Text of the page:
In his 2007 book on Russian poetry, Igor′ Shaitanov also detects many signs of alienation from society, and self-alienation, in post-Soviet poetry that show in the language of silence. It is revealed through the expression of autodestruction or self-transcendence. Shaitanov’s definition of the language of silence derives from Ihab Hassan’s description of postmodern art as an embodiment of reflexive energy and of the introversion of the alienated will that give rise to ‘the arts of silence, of the void, and of death’ as well as to ‘the languages of omission, ambiguity, games, and numbers’.71 According to Shaitanov, the emergence of postmodern tendencies in the post-Soviet period resulted in a different attitude towards tradition which is invoked in contemporary poetry either through palimpsest-like writing or through the employment of centos. He refers to the prevalence of a hybrid mode of writing that comprises both palimpsest and centos. It enables the reader to recognise the humorous juxtaposition of famous lines in a new semantic matrix and appreciate the diversity of sources of various poetic texts. In Shaitanov’s opinion, this type of poetic expression subverts the notion of continuity and cultural memory since it is oriented towards amnesia and absurdity and makes the meaning of the poem unstable.72 Viewed in this light, Ivanov’s poetry accords well with the post-Soviet sense of disorientation, amnesia and self-ironising discourse manifested in the work of many leading authors, including Elena Shvarts, Genrikh Sapgir and Timur Kibirov, to name just a few.

As Eric Laursen points out, Ivanov’s highly autobiographical and confessional émigré poetry contains a dialogue conducted by a split self acting like a two-headed Janus ‘who simultaneously gazes at the beloved past and the hopeless present’.73 In Laursen’s opinion, a striking feature of Ivanov’s paradoxical and distinctive lyric poetry is the co-existence of two opposing visions of hope and despair that ‘merge into distorting reflections of one another’.74 Ivanov’s ability to express his melancholic longing for the past and his inability to revive it might be especially appealing to a post-Soviet reader grappling with the revision of the Soviet and pre-Soviet past. To a large extent, the first-wave émigré poets serve as role models for contemporary authors attempting the construction of a transnational identity and for overcoming the sense of discontinuity of the tradition interrupted by Soviet cultural policies.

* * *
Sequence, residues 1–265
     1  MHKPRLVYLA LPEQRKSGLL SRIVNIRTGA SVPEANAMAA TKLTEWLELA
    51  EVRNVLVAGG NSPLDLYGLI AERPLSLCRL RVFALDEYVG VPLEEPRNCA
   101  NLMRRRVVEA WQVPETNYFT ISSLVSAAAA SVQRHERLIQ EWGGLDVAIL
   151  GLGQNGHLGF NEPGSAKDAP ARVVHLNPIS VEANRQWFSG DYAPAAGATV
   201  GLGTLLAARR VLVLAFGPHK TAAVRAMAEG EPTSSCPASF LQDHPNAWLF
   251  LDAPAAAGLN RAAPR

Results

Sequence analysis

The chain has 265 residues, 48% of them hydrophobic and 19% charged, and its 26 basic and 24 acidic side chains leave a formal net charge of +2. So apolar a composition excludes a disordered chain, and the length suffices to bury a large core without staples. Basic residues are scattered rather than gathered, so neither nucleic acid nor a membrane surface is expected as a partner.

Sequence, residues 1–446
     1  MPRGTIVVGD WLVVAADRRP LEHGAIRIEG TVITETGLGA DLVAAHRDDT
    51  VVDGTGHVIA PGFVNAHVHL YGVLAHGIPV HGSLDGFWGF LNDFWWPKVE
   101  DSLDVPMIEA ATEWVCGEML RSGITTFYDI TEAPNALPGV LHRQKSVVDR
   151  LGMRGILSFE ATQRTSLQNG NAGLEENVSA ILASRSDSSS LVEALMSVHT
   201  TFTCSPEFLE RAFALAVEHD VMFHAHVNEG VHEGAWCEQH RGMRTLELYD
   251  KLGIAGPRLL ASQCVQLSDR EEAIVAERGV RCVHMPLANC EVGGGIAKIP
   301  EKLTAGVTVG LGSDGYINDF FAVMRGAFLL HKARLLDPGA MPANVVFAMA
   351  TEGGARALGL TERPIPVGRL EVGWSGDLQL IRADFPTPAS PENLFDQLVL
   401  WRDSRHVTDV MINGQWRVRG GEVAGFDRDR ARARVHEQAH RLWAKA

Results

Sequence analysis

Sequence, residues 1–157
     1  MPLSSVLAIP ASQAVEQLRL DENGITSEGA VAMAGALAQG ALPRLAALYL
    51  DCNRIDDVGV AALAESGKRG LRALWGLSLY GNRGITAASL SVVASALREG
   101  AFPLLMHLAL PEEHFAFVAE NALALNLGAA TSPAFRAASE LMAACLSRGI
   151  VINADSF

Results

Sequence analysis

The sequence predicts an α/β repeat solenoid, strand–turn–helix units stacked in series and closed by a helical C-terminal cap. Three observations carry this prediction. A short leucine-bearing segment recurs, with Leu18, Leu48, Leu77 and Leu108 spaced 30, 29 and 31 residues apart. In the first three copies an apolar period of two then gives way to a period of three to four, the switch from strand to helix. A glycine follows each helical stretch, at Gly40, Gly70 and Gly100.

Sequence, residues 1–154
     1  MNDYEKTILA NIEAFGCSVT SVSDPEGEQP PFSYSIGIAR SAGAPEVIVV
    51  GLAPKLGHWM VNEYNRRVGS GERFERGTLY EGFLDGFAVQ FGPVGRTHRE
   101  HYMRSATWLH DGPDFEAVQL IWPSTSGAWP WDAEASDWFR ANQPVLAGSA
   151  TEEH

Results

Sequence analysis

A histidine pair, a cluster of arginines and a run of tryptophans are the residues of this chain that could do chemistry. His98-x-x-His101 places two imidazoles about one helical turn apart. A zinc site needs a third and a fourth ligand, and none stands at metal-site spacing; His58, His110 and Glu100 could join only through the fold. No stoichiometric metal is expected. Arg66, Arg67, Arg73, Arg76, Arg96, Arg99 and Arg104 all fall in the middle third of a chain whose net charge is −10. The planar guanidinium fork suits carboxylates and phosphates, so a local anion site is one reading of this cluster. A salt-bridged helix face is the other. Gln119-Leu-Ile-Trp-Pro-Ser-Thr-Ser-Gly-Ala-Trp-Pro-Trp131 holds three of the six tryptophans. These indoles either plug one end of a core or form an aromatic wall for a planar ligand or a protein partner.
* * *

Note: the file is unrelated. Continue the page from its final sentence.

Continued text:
The above-discussed treatment of the works of Tsvetaeva and Ivanov in the post-Soviet period exemplifies Theodor Adorno’s thesis that ‘artworks have a life sui generis’: they ‘constantly divulge new layers’, grow old and die, and, as products of social labour, they ‘speak by virtue of the communication of everything particular to them’ and ‘communicate with the empirical experience that they reject and from which they draw their content’.75 In Adorno’s view, ‘art perceived strictly aesthetically is art aesthetically misperceived’ since art is both autonomous and not autonomous.76 Evgenii Evtushenko’s 1994 anthology of twentieth-century Russian poetry comprising 875 poets exemplifies Adorno’s thesis about the limitations of strictly aesthetic criteria applied to literary and artistic production.77 Although Evtushenko envisaged his anthology as a poetic textbook on Russian twentieth-century history, many critics found his selection of poems and commentaries highly subjective and arbitrary.78 Mikhail Gasparov defined it as a book for easy reading rather than an anthology due to its eccentric selection of poems that do not represent all the poetic trends and literary developments of the twentieth century.

Gasparov’s review poses an important question about the notion of canonicity and suggests that Evtushenko’s system of cultural values reflects the taste of the generation of readers and authors born in the 1930s. Furthermore, Gasparov thinks that the inclusion of many poets of the Soviet period into Evtushenko’s anthology indicates how most of the twentieth-century literary output was inseparable from Soviet experiences and historical events.79 Given that Evtushenko’s desire to produce an anthology of Russian twentieth-century poetry was inspired by his conversations with Georgii Adamovich, a minor Acmeist poet but influential critic of the Russian diaspora in Paris, it might be possible to see how Evtushenko’s anthology was shaped by the creative dialogue between two important representatives of different currents of Russian twentieth-century poetry. The anthology also exemplifies Evtushenko’s personal desire to create a new national literary canon, fulfilling thereby his own messianic role as poet-prophet and poet-educator dedicated to the nineteenth-century ideal of linking poetic activities with the notions of civic and moral duty.80